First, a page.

Preferred Properties, Inc., Plaintiff-Appellee, v. Indian River Estates, Inc.; Duane J. Tillimon, Defendants-Appellants., 276 F.3d 790 (6th Cir. 2002)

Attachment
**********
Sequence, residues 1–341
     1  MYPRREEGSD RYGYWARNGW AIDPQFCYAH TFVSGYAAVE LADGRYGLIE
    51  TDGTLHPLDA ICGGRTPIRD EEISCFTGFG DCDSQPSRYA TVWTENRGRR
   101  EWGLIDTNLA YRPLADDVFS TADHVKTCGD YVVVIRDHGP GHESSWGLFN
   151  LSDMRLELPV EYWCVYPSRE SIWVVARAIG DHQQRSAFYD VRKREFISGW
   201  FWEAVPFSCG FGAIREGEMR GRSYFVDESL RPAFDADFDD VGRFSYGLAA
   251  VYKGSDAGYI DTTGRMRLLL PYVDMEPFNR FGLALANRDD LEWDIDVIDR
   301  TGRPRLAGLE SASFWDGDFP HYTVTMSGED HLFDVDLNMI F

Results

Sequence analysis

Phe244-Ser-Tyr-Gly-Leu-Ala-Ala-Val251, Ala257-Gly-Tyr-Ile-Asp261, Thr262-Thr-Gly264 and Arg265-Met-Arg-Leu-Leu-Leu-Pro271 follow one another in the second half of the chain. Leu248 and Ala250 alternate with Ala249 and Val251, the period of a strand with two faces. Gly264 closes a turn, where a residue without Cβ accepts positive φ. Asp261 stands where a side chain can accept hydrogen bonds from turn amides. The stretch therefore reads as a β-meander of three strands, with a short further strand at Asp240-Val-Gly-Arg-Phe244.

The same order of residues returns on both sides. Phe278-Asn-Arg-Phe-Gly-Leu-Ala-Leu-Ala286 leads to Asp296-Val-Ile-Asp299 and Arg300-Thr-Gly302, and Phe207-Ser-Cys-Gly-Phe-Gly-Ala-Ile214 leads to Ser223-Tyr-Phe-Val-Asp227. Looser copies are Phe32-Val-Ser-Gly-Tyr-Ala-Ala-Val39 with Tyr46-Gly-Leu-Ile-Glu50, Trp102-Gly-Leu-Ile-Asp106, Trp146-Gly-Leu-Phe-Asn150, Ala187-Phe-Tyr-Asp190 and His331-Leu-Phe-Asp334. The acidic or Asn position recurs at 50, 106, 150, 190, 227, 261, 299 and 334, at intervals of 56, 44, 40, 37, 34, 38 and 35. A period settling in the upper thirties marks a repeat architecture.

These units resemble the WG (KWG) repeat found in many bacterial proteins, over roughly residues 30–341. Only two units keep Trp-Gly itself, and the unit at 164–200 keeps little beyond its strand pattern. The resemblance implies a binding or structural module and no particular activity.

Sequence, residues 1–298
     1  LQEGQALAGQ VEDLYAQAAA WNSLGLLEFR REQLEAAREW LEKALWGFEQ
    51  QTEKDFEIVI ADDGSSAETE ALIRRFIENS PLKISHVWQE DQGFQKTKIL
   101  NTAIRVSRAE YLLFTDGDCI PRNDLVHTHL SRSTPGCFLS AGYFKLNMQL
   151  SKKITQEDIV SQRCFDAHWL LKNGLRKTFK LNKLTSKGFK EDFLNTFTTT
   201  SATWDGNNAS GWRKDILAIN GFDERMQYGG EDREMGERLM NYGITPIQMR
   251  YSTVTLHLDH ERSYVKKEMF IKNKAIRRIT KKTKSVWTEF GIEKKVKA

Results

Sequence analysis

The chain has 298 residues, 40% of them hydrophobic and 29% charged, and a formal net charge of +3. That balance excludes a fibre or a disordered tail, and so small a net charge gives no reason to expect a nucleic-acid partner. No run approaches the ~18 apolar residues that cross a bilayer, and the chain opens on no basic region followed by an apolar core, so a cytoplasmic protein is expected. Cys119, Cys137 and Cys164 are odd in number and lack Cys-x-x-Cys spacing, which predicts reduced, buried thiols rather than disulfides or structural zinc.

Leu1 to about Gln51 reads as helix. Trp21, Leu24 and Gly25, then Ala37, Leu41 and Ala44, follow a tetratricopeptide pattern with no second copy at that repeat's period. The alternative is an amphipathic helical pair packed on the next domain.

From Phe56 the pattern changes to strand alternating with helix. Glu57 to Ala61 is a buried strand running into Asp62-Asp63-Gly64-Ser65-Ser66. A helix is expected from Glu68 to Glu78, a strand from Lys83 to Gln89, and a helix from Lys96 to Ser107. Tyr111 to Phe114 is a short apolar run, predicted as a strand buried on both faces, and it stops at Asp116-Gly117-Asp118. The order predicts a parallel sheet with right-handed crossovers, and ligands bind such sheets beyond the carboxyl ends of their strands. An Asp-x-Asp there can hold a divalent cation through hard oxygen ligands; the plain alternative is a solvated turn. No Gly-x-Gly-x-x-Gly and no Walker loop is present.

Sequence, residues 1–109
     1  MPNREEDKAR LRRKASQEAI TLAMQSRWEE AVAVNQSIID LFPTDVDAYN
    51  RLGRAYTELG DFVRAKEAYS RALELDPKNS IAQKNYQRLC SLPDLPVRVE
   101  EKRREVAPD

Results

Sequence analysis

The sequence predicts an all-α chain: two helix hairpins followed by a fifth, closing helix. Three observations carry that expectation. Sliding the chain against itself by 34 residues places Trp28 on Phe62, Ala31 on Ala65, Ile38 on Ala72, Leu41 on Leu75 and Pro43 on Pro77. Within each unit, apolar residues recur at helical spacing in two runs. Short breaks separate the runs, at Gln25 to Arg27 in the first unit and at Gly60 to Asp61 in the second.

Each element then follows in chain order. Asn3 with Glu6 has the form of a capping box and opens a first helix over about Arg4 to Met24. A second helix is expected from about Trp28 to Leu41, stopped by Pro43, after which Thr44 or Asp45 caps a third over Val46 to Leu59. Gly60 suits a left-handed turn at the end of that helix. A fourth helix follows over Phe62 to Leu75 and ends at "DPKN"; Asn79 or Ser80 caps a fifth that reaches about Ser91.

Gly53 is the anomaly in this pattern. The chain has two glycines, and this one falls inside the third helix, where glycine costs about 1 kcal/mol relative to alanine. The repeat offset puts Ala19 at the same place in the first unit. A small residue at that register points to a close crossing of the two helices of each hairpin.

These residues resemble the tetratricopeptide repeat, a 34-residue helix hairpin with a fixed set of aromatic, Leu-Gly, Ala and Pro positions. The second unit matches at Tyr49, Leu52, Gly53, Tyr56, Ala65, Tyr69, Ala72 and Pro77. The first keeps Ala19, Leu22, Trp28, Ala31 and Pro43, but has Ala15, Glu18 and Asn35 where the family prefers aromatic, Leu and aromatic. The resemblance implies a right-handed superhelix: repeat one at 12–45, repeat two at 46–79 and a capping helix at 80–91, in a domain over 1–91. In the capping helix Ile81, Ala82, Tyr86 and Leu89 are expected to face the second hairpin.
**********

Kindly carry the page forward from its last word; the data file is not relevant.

Appeal from the United States District Court for the Northern District of Ohio at Toledo. No. 99-07342--David A. Katz, District Judge.[Copyrighted Material Omitted][Copyrighted Material Omitted][Copyrighted Material Omitted]Stephen M. Dane (argued and briefed), Cooper & Walinski, Toledo, OH, Kimberly M. Skaggs, Equal Justice Foudation, Columbus, Ohio, for Plaintiff-Appellee.Harland M. Britz (argued and briefed), Britz & Zemmelman, Toledo, OH, Ohio, for Defendants-Appellants.Before: Kennedy, Moore, and Cole, Circuit Judges.OPINIONMoore, Circuit JudgeThis case involves a dispute over an option contract to purchase undeveloped residential property in Toledo, Ohio, for the construction of rental housing for persons with disabilities. At trial, the jury returned a verdict for Preferred Properties, Inc. ("Preferred Properties") on its claims that Indian River Estates, Inc. ("Indian River Estates") and Duane J. Tillimon ("Tillimon") had 1) violated the Fair Housing Act ("FHA"), 42 U.S.C. §§ 3601-3631, and Ohio's Civil Rights Act by refusing to sell property based upon the disabilities of future residents and 2) breached the option contract. Indian River Estates and Tillimon now appeal the district court's denial of their motions for a judgment as a matter of law and for a new trial and its grant of summary judgment to Preferred Properties on their counterclaim of abuse of process. We AFFIRM the district court's decision to deny the defendants' motions, on the ground that the defendants violated the FHA. We also AFFIRM the district court's decision to grant summary judgment on the defendants' counterclaim.I. BACKGROUNDPreferred Properties is a non-profit corporation that owns and operates rental housing for persons with disabilities in Toledo, Ohio. Tillimon, the president of Indian River Estates, develops residential property in Toledo; Indian River Estates is a twenty-three lot subdivision in the Point Place area of Toledo. Since 1992, Preferred Properties has developed more than fifty affordable housing units for persons with disabilities. In 1995, Preferred Properties became interested in the Indian River Estates subdivision while searching for sites on which to base an application to the Section 811 program of the United States Department of Housing and Urban Development ("HUD"), which supports housing for persons with disabilities.On July 25, 1997, Lewis S. Ellis ("Ellis"), executive director of Preferred Properties, executed an option contract to purchase eight specific, noncontinguous lots in the Indian River Estates subdivision.1 The option was to expire on December 30, 1997, but Preferred Properties could extend the option through December 30, 1998, by depositing $1,000 for each of the eight lots before December 30, 1997. On July 28, 1997, Preferred Properties applied to HUD for funding to construct handicapped-accessible housing units in the Indian River Estates subdivision. The application proposed "to develop 8 lots for 15 dwelling units" and stated that "[a] private developer will develop open market duplexes for middle income residents on alternate lots to the proposed Section 811 units," so that Indian River Estates would "be an integrated community by income, racial mix and disability." Joint Appendix ("J.A.") at 382.On November 14, 1997, Preferred Properties received notification from HUD that its application had been approved and that $1,037,000 had been reserved for the project. On February 24, 1998, Preferred Properties paid the defendants $8,000 in earnest money for the purchase of the eight lots in the Indian River Estates subdivision.2 However, Tillimon had difficulty securing financing and city approval, which meant that necessary improvements to the Indian River Estates subdivision were not completed by the end of 1998 and thus precluded any purchase of the lots. The parties dispute whether the option, which was set to expire on December 30, 1998, was extended by oral agreement.On March 17, 1999, Ellis prepared and sent to Tillimon a revised option agreement for the eight lots. On April 1, 1999, Tillimon proposed that the parties "sign a straight purchase contract," because Indian River Estates would soon begin construction, having obtained the requisite city approval and financing. J.A. at 19. With that letter, Tillimon forwarded two purchase contracts -- one for eight lots and one for the six in-between lots, which he deemed unmarketable due to discrimination against persons with disabilities. Ellis signed and returned the purchase contract for the eight lots.On May 7, 1999, Tillimon returned Preferred Properties' $8,000 deposit without any explanation. The next day, he wrote Preferred Properties a letter in which he questioned whether Preferred Properties was still "interested in purchasing the fourteen lots as previously agreed because of the unlikel[i]hood that anyone would rent the 'in between' twinplexes on the open market." J.A. at 21. Tillimon claimed to have received "numerous telephone calls from neighbors protesting the development" and expressed amazement at the "tremendous community opposition to handicapped housing in Toledo." J.A. at 21. He also stated that he had been sued for constructing handicapped-accessible housing elsewhere in Toledo.On May 17, 1999, Ellis returned the $8,000 check and requested completion of the sale of the eight lots. He also noted, "While we wish to explore the feasibility of purchasing an additional six lots, these lots are not part of our option contract and would constitute a separate purchase." J.A. at 24. In a letter dated May 21, 1999, Tillimon responded by stating that Preferred Properties' option had expired on December 30, 1998, and that he would not sell scattered lots in the Indian River Estates subdivision. Tillimon also claimed that community opposition to handicapped-accessible housing was too strong to be borne:The cost of defending [against lawsuits filed by citizens] is dev[a]stating to any builder or developer and [his] subdivisions obtain a stigma making them unmarketable to the ordinary citizen. Perhaps, some day in the future things will be different, but we do not want to pay the price for a social experiment that the community opposes.J.A. at 27.On June 2, 1999, Preferred Properties filed a complaint against Indian River Estates and Tillimon, alleging that the defendants had 1) violated the FHA and Ohio's Civil Rights Act by refusing to sell property based upon the disabilities of future residents and 2) breached the agreement to sell Preferred Properties the eight lots specified in the option contract. Preferred Properties sought 1) declaratory relief, 2) preliminary and permanent injunctive relief, 3) specific performance of the option contract, 4) compensatory and punitive damages, and 5) attorney's fees and costs. Preferred Properties also filed a motion for a temporary restraining order ("TRO") that would preclude the defendants from selling the eight lots to third parties.The district court granted Preferred Properties' motions for a TRO and a preliminary injunction. On July 30, 1999, the defendants filed an answer and counterclaim, alleging that Preferred Properties 1) had made false representations that it intended to acquire fourteen lots in the Indian River Estates subdivision and 2) was "employing federal anti-discrimination laws in an effort to correct its own error in failing to exercise the option herein within the option period." J.A. at 77. On December 16, 1999, Preferred Properties filed a motion for summary judgment on the defendants' counterclaim and for partial summary judgment as to liability. On January 26, 2000, the district court granted the first but not the second motion.On February 29, 2000, the case proceeded to a trial by jury. On March 2, 2000, the jury returned a verdict for Preferred Properties on both the discrimination and breach of contract claims and awarded $31,500 in compensatory damages and $125,000 in punitive damages.3 The jury also answered several interrogatories, specifically finding that 1) Indian River Estates' refusal to sell or to negotiate for the sale of the eight lots was motived by the fact that Preferred Properties' renters are disabled, 2) Indian River Estates' conduct was willful, wanton, or in reckless disregard of Preferred Properties' rights, and 3) the parties had agreed to extend the option contract to purchase the eight lots.On March 10, 2000, Preferred Properties filed a motion for a permanent injunction against further discrimination and for specific performance of the option contract. On March 20, 2000, the defendants moved for a judgment as a matter of law and for a new trial. On August 4, 2000, the district court denied the defendants' motions. On August 24, 2000, the defendants filed a notice of appeal. On October 11, 2000, the district court granted Preferred Properties' motion for a permanent injunction and for specific performance.4II. ANALYSISA. Exclusion from Voir DireTillimon first argues that the district court violated his constitutional rights by conducting at least part of the voir dire outside of his hearing. The record as it stands indicates that the district court began the voir dire in open court and then examined individual prospective jurors at the bench, thereby excluding Tillimon. During such a sidebar discussion, defense counsel raised an objection, observing that Tillimon felt "left out by not being able to participate at this level." J.A. at 177. The district court explained that he had "never had the client up here." J.A. at 178. The lawyer for Tillimon then noted an objection.In Fillippon v. Albion Vein Slate Co., 250 U.S. 76 (1919), the Supreme Court recognized the right of a civil litigant to be present in some capacity during the trial of his case: "We entertain no doubt that the orderly conduct of a trial by jury, essential to the proper protection of the right to be heard, entitles the parties who attend for the purpose to be present in person or by counsel at all proceedings from the time the jury is impaneled until it is discharged after rendering the verdict." Id. at 81. Fillippon thus left open the question of a party's right to be present personally. See Helminski v. Ayerst Labs., 766 F.2d 208, 213 (6th Cir.) ("Consistent with due process the right to be present may be sufficiently protected in the party's absence so long as the litigant is represented by counsel."), cert. denied, 474 U.S. 981 (1985). Appreciating the importance of the personal presence of a party, we concluded in Helminski that the "arbitrary exclusion" of a represented party "who wishes to be personally present in the courtroom" during the trial would violate the Due Process Clause of the Fifth Amendment. Id. at 213-14. Exclusions would comport with due process, however, if a litigant were unable to "comprehend the proceedings and aid counsel," engaged in "disruptive behavior," or gave "a knowing and voluntary waiver." Id. at 216-17.Under Fillippon and Helminski, then, there is no doubt that a civil litigant has the right to be present in person "at all proceedings from the time the jury is impaneled until it is discharged after rendering the verdict." Fillippon, 250 U.S. at 81. The question before us is whether this right extends to the voir dire. According to Black's Law Dictionary (6th ed. 1990), the word "impanel" may be defined quite narrowly, as "[t]he act of the clerk of the court in making up a list of the jurors who have been selected for the trial of a particular cause," or more broadly, to include "[a]ll the steps of ascertaining who shall be the proper jurors to sit in the trial of a particular case up to the final formation." Id. at 752. We note that the selection of a jury has important consequences for the trial, and that parties "can often be helpful in noticing or pointing out things about certain jurors that their lawyers might not or could not see." United States v. Gibbs, 182 F.3d 408, 438 (6th Cir.), cert. denied, 528 U.S. 1051 (1999). We accordingly adopt the broader definition of "impanel" and hold that civil parties have the right to be present in person during the voir dire absent compelling reasons, which a district court must establish on the record so as to be reviewable on appeal. The exclusion of litigants will be reviewed under a harmless error standard. Cf. id. at 437.In this case, the district court did not give a valid reason on the record for excluding Tillimon from the individual examinations of prospective jurors at the bench. However, Tillimon has not alleged any prejudice resulting from his absence that would warrant reversal. Although he argues on appeal that his exclusion prevented him from personally gaining an impression of the prospective jurors and making suggestions to defense counsel in the exercise of his peremptory challenges, we note that defense counsel could have questioned the jurors at the bench, informed Tillimon about their answers, conferred about strategy, and then moved to strike those jurors whom Tillimon wanted to remove. Tillimon's exclusion from the sidebar discussions did not completely foreclose his participation in the actual exercise of his peremptory challenges. Therefore, we hold that the district court erred in excluding Tillimon from part of the voir dire but that, in this case, the error was harmless.B. Fair Housing Act ClaimThe defendants contend that they are entitled to a new trial on the discrimination claim because the jury instructions required proof by a preponderance of the evidence that Preferred Properties was ready, willing, and able to purchase the property at issue and a reasonable jury could not have found that Preferred Properties was such a buyer. We review the grant or denial of a new trial for an abuse of discretion, "defined as a definite and firm conviction that the trial court committed a clear error of judgment." Monette v. AM-7-7 Baking Co., 929 F.2d 276, 280 (6th Cir. 1991).At trial, Preferred Properties introduced as Plaintiff's Exhibit 2 a letter from HUD that notified Preferred Properties of its selection for $1,037,000 in reserved funds. The HUD letter stipulated:The Fund Reservation will be canceled if the Sponsor/Owner fails to have control of an approvable site within 6 months of the date of this Notification or if construction, rehabilitation or acquisition from the RTC has not commenced within 18 months from the date of this Notification, unless further extensions beyond the 18 months are approved by HUD. Such extensions will be based upon HUD's determination that the Owner has established a reasonable schedule and is making sufficient progress toward the start of construction.J.A. at 309. The letter appears to be dated October 14, 1997; it is marked as received on November 14, 1997. The defendants argue that the fund reservation, which neither committed nor allocated funds in actuality, was canceled because Preferred Properties failed to meet HUD's conditions. Such a cancellation would preclude a jury from finding that Preferred Properties met its burden of proof. However, Ellis testified at trial that HUD had approved an extension of the fund reservation.5 In light of this evidence, we are not persuaded that the district court committed a clear error of judgment in denying the defendants' motion for a new trial.The defendants also challenge the jury's $125,000 punitive damages award to Preferred Properties, claiming that their refusal to sell was based on a good-faith belief that Preferred Properties had optioned all fourteen lots rather than any evil motive or intent on their part. This issue was presented in the defendants' motion for a judgment as a matter of law, which the district court denied. We review de novo the denial of a motion for a judgment as a matter of law. Gray v. Toshiba Am. Consumer Prods., Inc., 263 F.3d 595, 598 (6th Cir. 2001). Such a motion may be granted "only when there is a complete absence of fact to support the verdict, so that no reasonable juror could have found for the nonmoving party." EEOC v. Harbert-Yeargin, Inc., 266 F.3d 498, 504 (6th Cir. 2001) (quoting Moore v. KUKA Welding Sys. & Robot Corp., 171 F.3d 1073, 1078 (6th Cir. 1999)). "[W]e do not weigh the evidence, evaluate the credibility of the witnesses, or substitute our judgment for that of the jury." Id. at 510 (quoting Black v. Zaring Homes, Inc., 104 F.3d 822, 825 (6th Cir.), cert. denied, 522 U.S. 865 (1997)). Instead, we view "the evidence in the light most favorable to the nonmoving party and decide if it was sufficient to raise a genuine issue of material fact for the jury." Id. We will thus affirm the jury's verdict unless we are "left with the definite and firm conviction that a mistake resulting in plain injustice has been committed, or unless the verdict is contrary to all reason." Id. at 504 (quoting Schoonover v. Consol. Freightways Corp. of Del. Local 24, 147 F.3d 492, 494 (6th Cir. 1998) (quotation omitted), cert. denied, 525 U.S. 1140 (1999)).The FHA provides that victims of discriminatory housing practices may recover actual and punitive damages. 42 U.S.C. § 3613(c)(1). The standard for punitive damages in a federal civil rights action is based on the defendant's state of mind and does not require egregious or outrageous behavior. See Smith v. Wade, 461 U.S. 30, 56 (1983) (holding that a jury may award punitive damages in a § 1983 action "when the defendant's conduct is shown to be motivated by evil motive or intent, or when it involves reckless or callous indifference to the federally protected rights of others"). In Kolstad v. American Dental Ass'n, 527 U.S. 526 (1999), a Title VII employment discrimination case, the Supreme Court expressly rejected the argument that a defendant's conduct must be egregious to support a punitive damages award. Id. at 535 ("The terms 'malice' or 'reckless indifference' pertain to the employer's knowledge that it may be acting in violation of federal law, not its awareness that it is engaging in discrimination."). However, the Kolstad Court held that "an employer must at least discriminate in the face of a perceived risk that its actions will violate federal law to be liable in punitive damages." Id. at 536. Employers who are simply "unaware of the relevant federal prohibition" or believe that the discrimination is lawful are not subject to punitive damages liability. Id. at 536-37.We have not yet addressed whether the Kolstad standard for punitive damages is applicable in the context of the FHA, but two circuits have determined that it is. Badami v. Flood, 214 F.3d 994, 997 (8th Cir. 2000); Alexander v. Riga, 208 F.3d 419, 430-32 (3d Cir. 2000), cert. denied, 531 U.S. 1069 (2001).6 In Alexander, the Third Circuit reversed the district court's denial of the plaintiffs' request to submit the issue of punitive damages to the jury. Alexander, 208 F.3d at 435. After the liability and compensatory and/or nominal damages phase of the trial, the jury had returned a special verdict finding that the plaintiffs' rights under the FHA had been violated by the owner and manager of an apartment building who repeatedly refused to deal with African-Americans but just as consistently responded to the inquiries of white individuals. Id. at 424-25. Because the jury did not award compensatory damages, the district court declined to send the issue of punitive damages to the jury, on the grounds 1) that the jury apparently did not believe that the defendant was liable under Smith and 2) that a punitive damages award required "more than intentional discrimination." Id. at 431. Citing Kolstad, the Alexander court held that the jury's finding of a FHA violation, which "necessarily encompasses a finding of intentional discrimination," meant that the plaintiffs could receive punitive damages without "demonstrat[ing] that the conduct was particularly egregious or malicious." Id.We also conclude that a jury may award punitive damages for violations of the FHA, even if the defendant did not engage in egregious misconduct. Like 42 U.S.C. § 1981a, which was at issue in Kolstad, 42 U.S.C. § 3604 "does not require a showing of egregious or outrageous discrimination independent of the [defendant's] state of mind." Kolstad, 527 U.S. at 535. The FHA prohibits discriminatory housing practices, 42 U.S.C. § 3613(a)(1)(A), against persons with disabilities or those associated with such persons. Id. § 3604(f)(1). Relief for discriminatory housing practices requires only that a seller be engaged in unlawful discrimination.Under Smith and Kolstad, the question for the availability of punitive damages is whether "the defendants acted with malice or reckless indifference that their actions might violate a federal statute of which they were aware." Badami, 214 F.3d at 998. In addition, we have previously indicated that the purpose of a punitive damages award is to deter future wrongdoing as well as to punish wrongdoers. Barnier v. Szentmiklosi, 810 F.2d 594, 598 (6th Cir. 1987). Because discrimination has harmful consequences no matter what its form, the goals of deterrence would be ill served if punitive damages attached only to outrageous discrimination.In this case, the jury returned a special verdict finding that the defendants' conduct was "willful, wanton, or in reckless disregard" of the rights of Preferred Properties. J.A. at 122. Because we defer to the jury's judgment on factual matters, we conclude that the defendants' good-faith argument lacks merit. Furthermore, the jury could reasonably infer from the evidence presented at trial that Tillimon knew or perceived the risk that his actions violated federal law. Tillimon has been involved in the real estate industry for more than twenty years, during which time he has rented property to persons with disabilities. These facts suggest that Tillimon had the requisite knowledge to be held liable for punitive damages and are sufficient to support the verdict.C. Breach of Contract ClaimThe defendants contend that no reasonable juror could have found that the parties agreed to extend the option. They also argue that any verbal extension of the option after the expiration date of December 30, 1998, was barred by Ohio's Statute of Frauds. Our review of Ohio caselaw raises some doubt about the validity of verbal extensions of option contracts. Compare Hassel v. Gaydos, No. 292, 1924 WL 2076, at *1 (Ohio Ct. App. Nov. 15, 1924) (holding that a verbal extension of time on a written option to sell land was unenforceable under the Statute of Frauds), with Reckart v. Lyons, No. 92-L-180, 1993 WL 317447, at *2 (Ohio Ct. App. Aug. 13, 1993) (holding that there was no material issue of fact as to whether there was an oral modification to a lease/option agreement because the agreement specifically required any modifications to be in writing); cf. Clark v. Guest, 43 N.E. 862, 863 (Ohio 1896) (holding that a verbal extension of time on a contract for the sale of lumber was void). However, given the outcome of the FHA claim, we decline to resolve the very close state law question of whether the option contract was extended in compliance with the Statute of Frauds.D. Grant of Summary Judgment to Preferred Properties on Indian River Estates' CounterclaimFinally, Indian River Estates argues that the district court erred in granting summary judgment to Preferred Properties on Indian River Estates' counterclaim, which alleged that Preferred Properties had claimed discrimination to force the sale of the eight lots after the option expired.7 We review de novo a district court's grant of a motion for summary judgment. Cockrel v. Shelby County Sch. Dist., 270 F.3d 1036, 1048 (6th Cir. 2001). Summary judgment is appropriate when the record "show[s] that there is no genuine issue as to any material fact and that the moving party is entitled to a judgment as a matter of law." Fed. R. Civ. P. 56(c). No genuine issue of material fact exists "unless a reasonable jury could return a verdict for the nonmoving party." Cockrel, 270 F.3d at 1048. In reviewing a grant of summary judgment, we view the evidence in the light most favorable to the nonmoving party. Id.The district court did not address this aspect of Indian River Estates' counterclaim in its otherwise detailed memorandum opinion. Although Indian River Estates does not term it as such, its counterclaim is a tort claim for abuse of process. To establish such a claim, a plaintiff must prove the following: "(1) that a legal proceeding has been set in motion in proper form and with probable cause; (2) that the proceeding has been perverted to attempt to accomplish an ulterior purpose for which it was not designed; and (3) that direct damage has resulted from the wrongful use of process." Robb v. Chagrin Lagoons Yacht Club, Inc., 662 N.E.2d 9, 14 (Ohio 1996) (quoting Yaklevich v. Kemp, Schaeffer & Rowe Co., 626 N.E.2d 115, 118 (Ohio 1994)). In Robb, the Ohio Supreme Court stated that abuse of process "connotes the use of process properly initiated for improper purposes." Id. (quoting Clermont Envtl. Reclamation Co. v. Hancock, 474 N.E.2d 357, 362 (Ohio Ct. App. 1984)). The Robb Court also noted:In an abuse of process case, "[t]he improper purpose usually takes the form of coercion to obtain a collateral advantage, not properly involved in the proceeding itself, such as the surrender of property or the payment of money, by the use of the process as a threat or a club." Prosser & Keeton on Torts (5 Ed. 1984) 898, Section 121. Simply, abuse of process occurs where someone attempts to achieve through use of the court that which the court is itself powerless to order.Id. In this case, Indian River Estates alleges that Preferred Properties "schemed to exonerate [its] own negligence by charging handicap discrimination." Appellants' Br. at 25. The charge of negligence apparently relates to the expiration of the written option on December 30, 1998. However, the surrender of property was properly involved in this case as a remedy for Indian River Estates' alleged violation of the FHA, which authorizes courts to order "such affirmative action as may be appropriate." 42 U.S.C. § 3613(c)(1); see also Moore v. Townsend, 525 F.2d 482, 485 (7th Cir. 1975) (explaining that "it matters not whether there was a specific contract or not; otherwise the very purpose of the [FHA] would be completely frustrated"). Because the district court was empowered to order specific performance, we conclude that no abuse of process occurred.III. CONCLUSIONFor the foregoing reasons, we AFFIRM the district court.